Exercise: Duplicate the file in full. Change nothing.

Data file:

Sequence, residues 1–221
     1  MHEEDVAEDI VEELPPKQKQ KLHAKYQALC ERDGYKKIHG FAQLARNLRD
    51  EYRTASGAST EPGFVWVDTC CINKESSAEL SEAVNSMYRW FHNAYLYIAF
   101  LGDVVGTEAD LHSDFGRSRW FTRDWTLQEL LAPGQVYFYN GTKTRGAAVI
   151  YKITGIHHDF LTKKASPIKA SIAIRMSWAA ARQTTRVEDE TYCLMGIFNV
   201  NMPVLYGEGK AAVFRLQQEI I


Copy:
Sequence, residues 1–221
     1  MHEEDVAEDI VEELPPKQKQ KLHAKYQALC ERDGYKKIHG FAQLARNLRD
    51  EYRTASGAST EPGFVWVDTC CINKESSAEL SEAVNSMYRW FHNAYLYIAF
   101  LGDVVGTEAD LHSDFGRSRW FTRDWTLQEL LAPGQVYFYN GTKTRGAAVI
   151  YKITGIHHDF LTKKASPIKA SIAIRMSWAA ARQTTRVEDE TYCLMGIFNV
   201  NMPVLYGEGK AAVFRLQQEI I